Figure 2. Interactions of CAP (protamine) and LPS monolayers. a) Surface pressures of LPS Ra monolayers plotted as a function of time. Upon injection of CAP  at t = 0 (the final concentration ~ 1 mg/mL, comparable to the minimum inhibitory concentration), a significant increase in the surface pressure is observed on Ca2+-free buffer (blue), indicating the intrusion of the protamine into the LPS Ra monolayer. However, no change in the surface pressure can be observed in the presence of Ca2+ (red). b) Number density distributions (calculated by Monte Carlo simulations) for cases with (without) CaCl2, solid (dashed) lines showing saccharide (green), Na+ (blue), Ca2+ (red) and CAP (black).  c)  Instantaneous conformation in the presence of CaCl2 showing core (green), Ca2+ (red) and CAP (black). Although a very high CAP concentration was assumed in the simulation (5 CAPs in the simulation volume, corresponding to ~ 20 M), the simulations show good agreement with experimental results.

In a second study [4], we created a more complex model by deposition of monolayers of LPS from Pseudomonas aeruginosa strain dps 89 (mutant of the PAO1 strain with fully charged O-side chains) onto silicon substrates coated with alkylsilane monolayers that mimic the inner leaflet of the outer membrane of bacteria (Figure 3a). Here, the influence of ions on the out-of-plane structures was investigated by specular reflectivity with 22 keV X-rays, which guarantees high transmittance through 2 cm of water. The measurements were taken at the liquid-solid interface. Since polydisperse O-side chains are grafted with a low surface density (approx. 10%), we used a stretched exponential decay function to account for the continuous decay of the electron density towards the bulk buffer.


Solid-supported LPS monolayer under bulk buffer, reflectivity curves and electron density profiles.

Figure 3. a) Solid-supported LPS monolayer under bulk buffer: A: hydrocarbon chain layer; B: Dense core saccharide layer; C: Sparse O-side chain region. b) Reflectivity curves of solid-supported LPS monolayer in Ca2+-free (open circles) and Ca2+-loaded (filled circles) buffers. Solid and dashed lines represent the fits corresponding to the best-matching model parameters. Electron density profiles corresponding to the best-matching model parameters are presented in inset.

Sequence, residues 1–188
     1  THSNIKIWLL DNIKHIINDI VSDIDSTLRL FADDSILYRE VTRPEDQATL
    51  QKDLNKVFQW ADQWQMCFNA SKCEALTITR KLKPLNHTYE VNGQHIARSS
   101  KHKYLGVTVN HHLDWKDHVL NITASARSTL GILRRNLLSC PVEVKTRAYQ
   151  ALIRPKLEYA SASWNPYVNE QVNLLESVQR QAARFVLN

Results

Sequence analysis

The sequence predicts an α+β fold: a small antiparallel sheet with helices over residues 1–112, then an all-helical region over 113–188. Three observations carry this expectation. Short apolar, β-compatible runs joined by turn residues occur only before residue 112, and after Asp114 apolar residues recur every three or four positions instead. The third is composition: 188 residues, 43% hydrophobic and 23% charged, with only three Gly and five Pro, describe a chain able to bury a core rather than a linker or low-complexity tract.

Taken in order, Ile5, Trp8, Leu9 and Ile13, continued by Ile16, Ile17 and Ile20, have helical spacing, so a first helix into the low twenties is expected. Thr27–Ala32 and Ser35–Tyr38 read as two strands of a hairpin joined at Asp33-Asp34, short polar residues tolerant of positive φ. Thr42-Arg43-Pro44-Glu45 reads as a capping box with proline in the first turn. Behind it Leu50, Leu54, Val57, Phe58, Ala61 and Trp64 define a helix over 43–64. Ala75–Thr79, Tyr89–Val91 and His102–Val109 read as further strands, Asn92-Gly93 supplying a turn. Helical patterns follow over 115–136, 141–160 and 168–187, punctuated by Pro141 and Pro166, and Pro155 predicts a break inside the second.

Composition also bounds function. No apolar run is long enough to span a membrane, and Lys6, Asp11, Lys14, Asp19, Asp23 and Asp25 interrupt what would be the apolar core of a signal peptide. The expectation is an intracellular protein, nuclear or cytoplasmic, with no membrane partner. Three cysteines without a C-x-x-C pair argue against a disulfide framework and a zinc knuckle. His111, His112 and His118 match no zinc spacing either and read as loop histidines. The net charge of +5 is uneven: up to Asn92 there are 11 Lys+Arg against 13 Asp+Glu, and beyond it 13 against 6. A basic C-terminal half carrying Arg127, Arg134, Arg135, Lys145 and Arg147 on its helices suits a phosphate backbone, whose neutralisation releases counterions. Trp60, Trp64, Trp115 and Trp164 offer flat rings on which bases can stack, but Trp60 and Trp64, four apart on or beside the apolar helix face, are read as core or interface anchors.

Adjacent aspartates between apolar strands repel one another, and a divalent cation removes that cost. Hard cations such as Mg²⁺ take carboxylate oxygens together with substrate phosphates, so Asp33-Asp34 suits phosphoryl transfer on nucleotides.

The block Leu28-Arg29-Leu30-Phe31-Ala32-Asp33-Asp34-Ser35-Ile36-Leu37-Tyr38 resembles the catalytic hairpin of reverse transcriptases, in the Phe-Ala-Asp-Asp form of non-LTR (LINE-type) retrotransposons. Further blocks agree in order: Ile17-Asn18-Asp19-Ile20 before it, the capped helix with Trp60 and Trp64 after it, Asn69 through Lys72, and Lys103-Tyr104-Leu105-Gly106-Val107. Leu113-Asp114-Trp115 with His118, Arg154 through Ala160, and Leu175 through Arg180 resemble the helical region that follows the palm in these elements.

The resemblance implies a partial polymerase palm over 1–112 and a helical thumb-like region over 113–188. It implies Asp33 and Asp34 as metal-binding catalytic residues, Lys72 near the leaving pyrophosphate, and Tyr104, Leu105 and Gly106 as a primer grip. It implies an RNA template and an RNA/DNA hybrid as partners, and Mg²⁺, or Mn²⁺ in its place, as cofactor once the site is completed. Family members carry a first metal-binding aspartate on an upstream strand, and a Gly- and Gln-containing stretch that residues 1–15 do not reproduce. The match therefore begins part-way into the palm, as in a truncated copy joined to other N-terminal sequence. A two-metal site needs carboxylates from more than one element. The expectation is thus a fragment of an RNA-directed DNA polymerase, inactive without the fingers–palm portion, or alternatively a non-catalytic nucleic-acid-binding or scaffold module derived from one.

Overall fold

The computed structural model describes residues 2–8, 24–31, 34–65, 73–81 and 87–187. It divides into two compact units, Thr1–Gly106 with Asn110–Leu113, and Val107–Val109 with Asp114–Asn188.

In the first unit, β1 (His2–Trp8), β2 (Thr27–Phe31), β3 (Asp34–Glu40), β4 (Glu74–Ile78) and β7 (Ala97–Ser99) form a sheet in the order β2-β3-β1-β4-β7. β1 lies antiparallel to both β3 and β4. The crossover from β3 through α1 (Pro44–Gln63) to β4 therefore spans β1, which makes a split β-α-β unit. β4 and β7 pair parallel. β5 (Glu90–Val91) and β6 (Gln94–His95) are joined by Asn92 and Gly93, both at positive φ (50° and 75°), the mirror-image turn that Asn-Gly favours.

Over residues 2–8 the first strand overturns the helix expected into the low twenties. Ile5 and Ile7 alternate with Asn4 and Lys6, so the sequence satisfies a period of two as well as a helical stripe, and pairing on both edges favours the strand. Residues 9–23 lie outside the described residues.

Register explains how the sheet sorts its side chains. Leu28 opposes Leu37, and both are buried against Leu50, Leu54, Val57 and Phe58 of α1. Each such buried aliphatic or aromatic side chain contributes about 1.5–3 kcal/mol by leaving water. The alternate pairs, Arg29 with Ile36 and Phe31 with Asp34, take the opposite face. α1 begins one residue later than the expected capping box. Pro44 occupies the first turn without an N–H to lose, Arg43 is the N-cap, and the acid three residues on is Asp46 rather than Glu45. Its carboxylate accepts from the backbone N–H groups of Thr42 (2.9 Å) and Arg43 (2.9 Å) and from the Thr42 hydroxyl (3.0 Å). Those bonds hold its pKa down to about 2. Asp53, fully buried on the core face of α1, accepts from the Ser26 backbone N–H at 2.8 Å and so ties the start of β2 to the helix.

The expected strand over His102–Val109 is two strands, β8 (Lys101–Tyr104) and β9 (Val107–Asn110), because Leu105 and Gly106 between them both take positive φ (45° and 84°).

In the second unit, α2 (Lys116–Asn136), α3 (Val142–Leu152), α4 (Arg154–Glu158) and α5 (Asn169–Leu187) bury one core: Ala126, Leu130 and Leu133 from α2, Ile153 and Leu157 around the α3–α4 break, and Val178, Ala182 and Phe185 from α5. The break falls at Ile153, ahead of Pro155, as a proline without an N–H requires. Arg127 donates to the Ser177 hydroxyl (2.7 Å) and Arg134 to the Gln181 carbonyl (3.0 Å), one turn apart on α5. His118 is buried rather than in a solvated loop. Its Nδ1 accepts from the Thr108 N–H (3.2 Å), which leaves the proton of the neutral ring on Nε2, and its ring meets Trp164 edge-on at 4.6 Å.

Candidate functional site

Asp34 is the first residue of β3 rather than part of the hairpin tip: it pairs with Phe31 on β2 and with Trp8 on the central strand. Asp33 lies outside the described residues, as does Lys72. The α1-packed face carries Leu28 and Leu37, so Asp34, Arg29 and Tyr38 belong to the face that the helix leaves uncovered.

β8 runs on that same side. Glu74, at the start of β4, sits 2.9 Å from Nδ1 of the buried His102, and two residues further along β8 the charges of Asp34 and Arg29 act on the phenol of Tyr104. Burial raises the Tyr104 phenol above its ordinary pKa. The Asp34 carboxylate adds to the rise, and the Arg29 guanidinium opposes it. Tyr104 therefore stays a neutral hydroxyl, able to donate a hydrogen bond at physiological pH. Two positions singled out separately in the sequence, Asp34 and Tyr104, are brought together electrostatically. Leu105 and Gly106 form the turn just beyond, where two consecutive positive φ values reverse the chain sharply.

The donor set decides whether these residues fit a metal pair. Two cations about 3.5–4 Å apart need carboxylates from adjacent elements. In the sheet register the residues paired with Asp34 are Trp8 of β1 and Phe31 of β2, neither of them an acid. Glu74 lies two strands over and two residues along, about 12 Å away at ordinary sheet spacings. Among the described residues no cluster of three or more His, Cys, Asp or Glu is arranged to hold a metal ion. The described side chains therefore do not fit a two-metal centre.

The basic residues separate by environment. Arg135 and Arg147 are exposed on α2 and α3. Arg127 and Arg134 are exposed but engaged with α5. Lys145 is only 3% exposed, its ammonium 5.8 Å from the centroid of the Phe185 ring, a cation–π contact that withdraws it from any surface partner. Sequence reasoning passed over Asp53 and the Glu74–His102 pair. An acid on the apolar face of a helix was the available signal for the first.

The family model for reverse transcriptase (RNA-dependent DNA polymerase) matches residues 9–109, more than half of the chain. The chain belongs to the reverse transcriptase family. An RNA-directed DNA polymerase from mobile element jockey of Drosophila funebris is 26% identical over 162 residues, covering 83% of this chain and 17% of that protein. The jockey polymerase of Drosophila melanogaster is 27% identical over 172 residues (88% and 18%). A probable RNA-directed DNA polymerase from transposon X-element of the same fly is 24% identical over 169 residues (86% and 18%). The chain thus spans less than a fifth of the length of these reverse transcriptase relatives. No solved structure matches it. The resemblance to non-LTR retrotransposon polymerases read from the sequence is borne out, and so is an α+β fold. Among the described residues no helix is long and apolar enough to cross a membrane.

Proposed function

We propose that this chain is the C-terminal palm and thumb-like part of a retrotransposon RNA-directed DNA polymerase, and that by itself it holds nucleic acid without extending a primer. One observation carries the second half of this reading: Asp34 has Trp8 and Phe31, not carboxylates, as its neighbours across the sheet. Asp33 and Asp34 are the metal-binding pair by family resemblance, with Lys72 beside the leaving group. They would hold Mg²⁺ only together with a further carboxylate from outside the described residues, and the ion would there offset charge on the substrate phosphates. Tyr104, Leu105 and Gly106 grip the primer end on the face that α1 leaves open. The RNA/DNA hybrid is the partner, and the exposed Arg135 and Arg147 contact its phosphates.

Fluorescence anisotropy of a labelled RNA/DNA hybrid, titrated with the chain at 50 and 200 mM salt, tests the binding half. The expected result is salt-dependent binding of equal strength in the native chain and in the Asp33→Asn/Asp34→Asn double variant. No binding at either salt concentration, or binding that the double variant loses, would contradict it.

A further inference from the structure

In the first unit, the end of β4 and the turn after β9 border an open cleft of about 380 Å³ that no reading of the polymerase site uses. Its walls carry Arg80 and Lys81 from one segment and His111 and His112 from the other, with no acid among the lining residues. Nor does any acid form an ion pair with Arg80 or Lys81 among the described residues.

The electron density profiles reconstructed from the reflectivity curves (Figure 3b) and Monte Carlo simulations indicate that the presence of Ca2+ ions induces a significant (~ 20%) increase in the electron density of the core saccharide. Furthermore, the electron density of the O-side chain region decays more rapidly to the level of the bulk buffer at z > 10 Å, which coincides with a significant increase in the stretching exponent and a decrease in the decay length by a factor of more than two. Thus, our results reveal that the condensation of divalent ions (Ca2+) in the negatively charged core saccharides and a significant collapse of saccharide chains are the principal mechanisms behind the resistance of bacteria to cationic antimicrobial peptides.


[2] S. Mora, J. Daillant, D. Luzet, B. Struth, Europhys. Lett. 66, 694 (2004).
[3] D.A. Pink, L.T. Hansen, T.A. Gill, B.E. Quinn, M.H. Jericho, T.J. Beveridge, Langmuir 19, 8852 (2003).


Principal publications and authors
[1] R.G. Oliveira (a,b), E. Schneck (a,c), B.E. Quinn (d,e), O.V. Konovalov (f), K. Brandenburg (g), U. Seydel (g), T. Gill (e,h), C.B. Hanna (e,i), D.A. Pink (d,e), and M. Tanaka (a,c,e), Physical Mechanisms of Bacterial Survival Revealed by Combined Grazing-Incidence X-ray Scattering and Monte Carlo Simulation. Comptes Rendus Chimie Festschrift for P.G. DeGennes 12, 209-217 (2009);
[4] E. Schneck (c), E. Papp-Szabo (j,e), B. E. Quinn (e,d), O.V. Konovalov (f), T.J. Beveridge (j,e), D.A. Pink (e,d), and M. Tanaka (c,e), Calcium Ions Induce Collapse of Charged O-Side Chains of Lipopolysaccharides from Pseudomonas Aeruginosa, J. R. Soc. Interfaces 12, in press (doi: 10.1098/rsif.2009.0190).

(a) Technical University Munich, Garching (Germany)
(b) currenty at: CIQUIBIC-UNC, Córdoba (Argentina)
(c) University of Heidelberg, Heidelberg (Germany)
(d) St. Francis Xavier University, Antigonish (Canada)
(e) Network of Canadian Centre of Excellence (Canada)
(f) ESRF
(g) Research Center Borstel, Borstel (Germany)
(h) Dalhousie University, Halifax (Canada)
(i) Boise State University, Boise (USA)
(j) University of Guelph, Guelph (Canada)